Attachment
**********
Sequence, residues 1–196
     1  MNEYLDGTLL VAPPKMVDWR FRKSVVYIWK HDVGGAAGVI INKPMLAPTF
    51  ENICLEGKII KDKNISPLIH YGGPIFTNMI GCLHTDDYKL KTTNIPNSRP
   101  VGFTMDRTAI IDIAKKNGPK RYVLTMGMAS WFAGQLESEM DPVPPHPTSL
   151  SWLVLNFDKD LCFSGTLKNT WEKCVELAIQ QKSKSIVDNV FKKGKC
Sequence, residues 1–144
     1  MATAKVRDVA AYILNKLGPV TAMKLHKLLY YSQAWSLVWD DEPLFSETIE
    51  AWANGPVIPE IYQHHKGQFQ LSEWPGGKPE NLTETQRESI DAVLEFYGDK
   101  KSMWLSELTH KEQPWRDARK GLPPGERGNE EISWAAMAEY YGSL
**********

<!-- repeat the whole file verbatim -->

Sequence, residues 1–196
     1  MNEYLDGTLL VAPPKMVDWR FRKSVVYIWK HDVGGAAGVI INKPMLAPTF
    51  ENICLEGKII KDKNISPLIH YGGPIFTNMI GCLHTDDYKL KTTNIPNSRP
   101  VGFTMDRTAI IDIAKKNGPK RYVLTMGMAS WFAGQLESEM DPVPPHPTSL
   151  SWLVLNFDKD LCFSGTLKNT WEKCVELAIQ QKSKSIVDNV FKKGKC
Sequence, residues 1–144
     1  MATAKVRDVA AYILNKLGPV TAMKLHKLLY YSQAWSLVWD DEPLFSETIE
    51  AWANGPVIPE IYQHHKGQFQ LSEWPGGKPE NLTETQRESI DAVLEFYGDK
   101  KSMWLSELTH KEQPWRDARK GLPPGERGNE EISWAAMAEY YGSL